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$chars = array
    ' ',
    '!', '"', '#', '$', '%', '&', '\'', '(', ')', '*', '+', ',', '-', '.', '/',
    0, 1, 2, 3, 4, 5, 6, 7, 8, 9,
    ':', ';', '<', '=', '>', '?', '`',
    'a', 'b', 'c', 'd', 'e', 'f', 'g', 'h', 'i', 'j', 'k', 'l', 'm', 'n', 'o', 'p', 'q', 'r', 's', 't', 'u', 'v', 'w', 'x', 'y', 'z',
    'A', 'B', 'C', 'D', 'E', 'F', 'G', 'H', 'I', 'J', 'K', 'L', 'M', 'N', 'O', 'P', 'Q', 'R', 'S', 'T', 'U', 'V', 'W', 'X', 'Y', 'Z',
    '{', '|', '}', '~'

With the characters from the $chars array, I would like to find all possible combinations, for a length up to $n.

**For Example**:
It should start off with ' ', and then go to '!'.
Once it gets to the end of the $chars array (`~`) it should add on another charter.
Run though those combinations ('! ', '" ', ... '~ ', ' !' ... '~~', '   ', ect).
And then just keep on going ... 
share|improve this question
I assume you don't have to support Unicode? – dan04 Jun 11 '10 at 6:35
@Dan04, no it's just the printable characters within ASCII that I was interested in this time. But as you can see, the characters array is extend-able if needed. – Mark Tomlin Jun 11 '10 at 6:54
Do you wish to find all possible combinations or permutations? – Zackman Jun 11 '10 at 8:14
@Zack, yes, yes I do. – Mark Tomlin Jun 11 '10 at 9:12
So you want the function to return both AAA, AAB, ABA, BAA, ABB, BAB, BBA, and BBB? Or just AAA, AAB, ABB, BBB? – Zackman Jun 11 '10 at 12:22

If You want to find just a number of possible combinations, it would be combination - permutation math - You have to raise your length $n to a power of elements in Your array. In Php that would be:

echo pow($n, count($chars)); 

where $n - your combination length.

Math reference: combinations - permutations

P.S. Salute Zackmans solution, but I wonder if it (and any others in that matter) doesn't cause PHP script timeout because of the scope of the problem.

share|improve this answer
Should it be echo pow(count($chars), $n);? – Zackman Jun 11 '10 at 7:53
No, exactly no. I have given the link, it's example 2, page 259. The base is $n. I wish there would be more people appreciating answers instead of just criticizing because it's sometimes boring to get into a subject, present an answer and not get a single point. – arunas_t Jun 11 '10 at 13:20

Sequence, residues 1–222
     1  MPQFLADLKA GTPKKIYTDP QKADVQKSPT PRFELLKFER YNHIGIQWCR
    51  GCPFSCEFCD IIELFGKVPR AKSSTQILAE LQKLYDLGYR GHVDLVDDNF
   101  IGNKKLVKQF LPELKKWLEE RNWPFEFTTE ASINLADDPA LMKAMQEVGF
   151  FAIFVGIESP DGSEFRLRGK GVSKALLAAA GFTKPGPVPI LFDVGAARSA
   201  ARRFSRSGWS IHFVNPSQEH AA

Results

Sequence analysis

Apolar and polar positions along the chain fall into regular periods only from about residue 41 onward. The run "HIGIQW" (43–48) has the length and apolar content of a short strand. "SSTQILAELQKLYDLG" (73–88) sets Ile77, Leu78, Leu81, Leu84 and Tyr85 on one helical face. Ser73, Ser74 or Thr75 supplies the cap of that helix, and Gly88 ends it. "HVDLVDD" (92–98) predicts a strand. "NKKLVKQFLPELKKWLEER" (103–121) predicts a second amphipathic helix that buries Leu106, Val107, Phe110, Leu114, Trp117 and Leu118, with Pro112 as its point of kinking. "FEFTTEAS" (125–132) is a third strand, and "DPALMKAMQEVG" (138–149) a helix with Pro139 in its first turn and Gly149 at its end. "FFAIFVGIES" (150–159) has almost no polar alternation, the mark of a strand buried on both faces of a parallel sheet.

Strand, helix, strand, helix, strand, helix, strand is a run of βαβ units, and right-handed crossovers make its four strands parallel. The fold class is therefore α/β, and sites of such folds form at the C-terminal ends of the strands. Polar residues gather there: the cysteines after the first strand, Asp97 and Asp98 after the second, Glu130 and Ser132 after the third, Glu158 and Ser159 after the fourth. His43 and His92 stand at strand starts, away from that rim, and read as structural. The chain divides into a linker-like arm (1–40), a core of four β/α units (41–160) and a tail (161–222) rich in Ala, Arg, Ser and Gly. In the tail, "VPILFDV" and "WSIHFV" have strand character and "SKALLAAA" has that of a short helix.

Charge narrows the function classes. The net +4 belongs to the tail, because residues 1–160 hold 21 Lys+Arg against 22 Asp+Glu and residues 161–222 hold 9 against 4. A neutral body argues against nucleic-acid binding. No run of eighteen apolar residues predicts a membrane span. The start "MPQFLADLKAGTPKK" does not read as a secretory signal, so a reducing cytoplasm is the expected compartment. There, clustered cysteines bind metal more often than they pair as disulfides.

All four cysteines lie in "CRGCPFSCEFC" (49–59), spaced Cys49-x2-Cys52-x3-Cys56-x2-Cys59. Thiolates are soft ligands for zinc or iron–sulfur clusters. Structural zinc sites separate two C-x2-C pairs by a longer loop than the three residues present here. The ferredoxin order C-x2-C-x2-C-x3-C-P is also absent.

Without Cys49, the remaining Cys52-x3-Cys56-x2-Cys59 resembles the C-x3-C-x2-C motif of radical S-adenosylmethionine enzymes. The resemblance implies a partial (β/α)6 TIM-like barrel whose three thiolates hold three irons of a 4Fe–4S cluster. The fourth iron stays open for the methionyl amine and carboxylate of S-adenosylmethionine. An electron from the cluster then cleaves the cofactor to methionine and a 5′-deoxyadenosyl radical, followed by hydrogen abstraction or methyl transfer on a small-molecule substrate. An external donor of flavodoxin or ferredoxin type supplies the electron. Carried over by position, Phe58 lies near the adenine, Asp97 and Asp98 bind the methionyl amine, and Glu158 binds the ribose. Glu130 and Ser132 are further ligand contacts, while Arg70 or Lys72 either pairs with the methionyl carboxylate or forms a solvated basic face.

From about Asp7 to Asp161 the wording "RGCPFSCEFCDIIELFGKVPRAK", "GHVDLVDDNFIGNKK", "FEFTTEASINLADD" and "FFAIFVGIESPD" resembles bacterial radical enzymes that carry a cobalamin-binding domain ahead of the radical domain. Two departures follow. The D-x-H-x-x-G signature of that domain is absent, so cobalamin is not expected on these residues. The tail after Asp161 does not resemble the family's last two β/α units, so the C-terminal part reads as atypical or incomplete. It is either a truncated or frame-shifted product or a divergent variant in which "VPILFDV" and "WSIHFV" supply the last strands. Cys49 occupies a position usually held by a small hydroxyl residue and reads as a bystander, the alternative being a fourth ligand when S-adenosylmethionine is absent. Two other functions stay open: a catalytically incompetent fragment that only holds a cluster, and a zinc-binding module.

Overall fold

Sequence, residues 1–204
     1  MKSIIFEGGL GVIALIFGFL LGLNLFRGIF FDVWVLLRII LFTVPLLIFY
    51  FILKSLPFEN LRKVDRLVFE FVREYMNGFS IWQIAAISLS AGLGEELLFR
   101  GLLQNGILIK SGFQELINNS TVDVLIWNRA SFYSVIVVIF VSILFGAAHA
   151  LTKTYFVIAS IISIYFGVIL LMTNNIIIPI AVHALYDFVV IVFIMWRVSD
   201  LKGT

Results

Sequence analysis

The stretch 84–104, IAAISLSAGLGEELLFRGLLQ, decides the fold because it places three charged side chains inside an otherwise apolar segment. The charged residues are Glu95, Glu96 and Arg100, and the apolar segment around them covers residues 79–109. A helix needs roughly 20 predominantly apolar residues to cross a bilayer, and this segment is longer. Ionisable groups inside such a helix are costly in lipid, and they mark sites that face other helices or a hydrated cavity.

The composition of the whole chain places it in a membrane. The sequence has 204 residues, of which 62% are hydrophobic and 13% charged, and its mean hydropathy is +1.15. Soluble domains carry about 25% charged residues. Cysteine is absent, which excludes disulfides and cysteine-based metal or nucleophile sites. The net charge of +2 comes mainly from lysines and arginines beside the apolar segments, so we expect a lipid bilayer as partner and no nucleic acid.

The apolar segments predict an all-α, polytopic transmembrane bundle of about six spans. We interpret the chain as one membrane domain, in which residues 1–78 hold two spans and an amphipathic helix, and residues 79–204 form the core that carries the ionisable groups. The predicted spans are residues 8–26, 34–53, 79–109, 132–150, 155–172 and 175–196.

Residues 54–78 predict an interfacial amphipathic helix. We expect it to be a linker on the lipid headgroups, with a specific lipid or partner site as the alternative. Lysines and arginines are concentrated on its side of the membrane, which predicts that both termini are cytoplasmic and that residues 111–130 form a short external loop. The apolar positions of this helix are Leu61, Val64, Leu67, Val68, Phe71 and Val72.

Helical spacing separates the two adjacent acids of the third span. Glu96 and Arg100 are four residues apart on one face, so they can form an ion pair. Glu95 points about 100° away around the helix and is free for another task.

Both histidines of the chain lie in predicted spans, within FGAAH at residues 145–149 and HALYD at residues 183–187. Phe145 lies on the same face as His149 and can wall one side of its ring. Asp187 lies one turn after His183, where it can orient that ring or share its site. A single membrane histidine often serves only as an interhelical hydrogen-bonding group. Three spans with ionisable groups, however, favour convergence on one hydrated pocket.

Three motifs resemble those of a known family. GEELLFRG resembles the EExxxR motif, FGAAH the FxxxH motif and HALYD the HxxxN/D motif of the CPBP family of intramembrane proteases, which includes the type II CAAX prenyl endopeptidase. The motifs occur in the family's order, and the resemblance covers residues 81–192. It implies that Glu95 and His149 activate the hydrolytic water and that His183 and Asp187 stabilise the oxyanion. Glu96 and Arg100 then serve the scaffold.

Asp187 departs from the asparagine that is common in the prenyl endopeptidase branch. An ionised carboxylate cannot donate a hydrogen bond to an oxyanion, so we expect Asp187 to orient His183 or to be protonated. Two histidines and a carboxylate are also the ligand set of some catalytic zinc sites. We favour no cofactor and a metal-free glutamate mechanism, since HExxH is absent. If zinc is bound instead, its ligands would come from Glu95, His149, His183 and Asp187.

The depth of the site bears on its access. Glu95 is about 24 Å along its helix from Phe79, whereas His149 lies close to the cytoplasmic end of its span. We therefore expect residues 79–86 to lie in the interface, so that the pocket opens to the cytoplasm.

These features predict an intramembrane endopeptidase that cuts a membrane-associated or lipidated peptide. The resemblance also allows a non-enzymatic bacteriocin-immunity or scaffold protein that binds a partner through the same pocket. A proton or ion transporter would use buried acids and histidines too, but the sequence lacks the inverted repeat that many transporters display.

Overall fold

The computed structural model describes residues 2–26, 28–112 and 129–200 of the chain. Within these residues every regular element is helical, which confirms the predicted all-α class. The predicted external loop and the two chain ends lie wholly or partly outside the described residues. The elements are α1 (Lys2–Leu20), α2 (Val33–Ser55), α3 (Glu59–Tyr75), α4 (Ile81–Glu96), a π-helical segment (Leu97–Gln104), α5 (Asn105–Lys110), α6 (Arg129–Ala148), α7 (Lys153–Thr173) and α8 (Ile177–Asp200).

From Mark's example it's seen that repetitions are allowed. – arunas_t Jun 11 '10 at 13:26
@Arunas, unless I made a mistake there really should be no repetitions as each new value would be different from the last in one way or another. Also, I would agree that this would cause the default 30 second script limit to be passed, but I'm using this via Command Line, so the it runs until the program ends (or indefinitely.) – Mark Tomlin Jun 12 '10 at 5:42
By repetitions I meant that symbols could repeat in your line, like 'aaa', 'bbbcde', and You indicated that in Your example: >>Run though those combinations ('! ', '" ', ... '~ ', ' !' ... '~~', ' ', ect). Look at thease 2 '~~' – arunas_t Jun 12 '10 at 20:41

This function will take an array $permutation only containing elements from another array $set and generate the next permutation up to a maximum length of $max.

function next_permutation($permutation, $set, $max)
    if (array_unique($permutation) === array(end($set)))
        if (count($permutation) === $max)
            return FALSE;

        return array_fill(0, count($permutation) + 1, $set[0]);

    foreach (array_reverse($permutation, TRUE) as $key => $value)
        if ($value !== end($set))
            $permutation[$key] = $set[array_search($value, $set) + 1];

        $permutation[$key] = $set[0];

    return $permutation;

The function could then be used in a way like this, to iterate over each possible permutation and check it against a hashed password.

$set         = array('a', 'b', 'c', 'd', 'e', 'f', 'g', 'h', 'i', 'j', 'k', 'l', 'm', 'n', 'o', 'p', 'q', 'r', 's', 't', 'u', 'v', 'w', 'x', 'y', 'z');
$max         = 3;
$permutation = array($set[0]);
$password    = '403926033d001b5279df37cbbe5287b7c7c267fa';

do {
    $string = implode('', $permutation);

    if (sha1($string) === $password)
        echo 'Password found: "'.$string.'"';
} while ($permutation = next_permutation($permutation, $set, $max));

This would print Password found: "lol"

share|improve this answer
First off, I'm sorry for not explaining myself and my idea's more thoroughly. I'll never find a programming language that frees me from the burden of clarifying my ideas. I wish the value to be a string, that is edited and changed on each run through a loop, so that I can hash and test it's hashed value against that of another hash to find out if it's thats the users' password or not. – Mark Tomlin Jun 12 '10 at 5:59
I've updated the function accordingly. The function takes an array instead of a string, though, for more flexibility (ie. if you wanted to use a set with multi-character elements). – Zackman Jun 14 '10 at 18:14

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